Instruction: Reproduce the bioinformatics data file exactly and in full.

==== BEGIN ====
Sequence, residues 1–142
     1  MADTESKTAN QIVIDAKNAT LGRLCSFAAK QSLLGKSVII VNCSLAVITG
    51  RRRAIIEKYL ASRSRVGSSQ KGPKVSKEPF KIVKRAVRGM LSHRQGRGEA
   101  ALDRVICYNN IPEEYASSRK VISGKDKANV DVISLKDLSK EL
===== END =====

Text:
Sequence, residues 1–142
     1  MADTESKTAN QIVIDAKNAT LGRLCSFAAK QSLLGKSVII VNCSLAVITG
    51  RRRAIIEKYL ASRSRVGSSQ KGPKVSKEPF KIVKRAVRGM LSHRQGRGEA
   101  ALDRVICYNN IPEEYASSRK VISGKDKANV DVISLKDLSK EL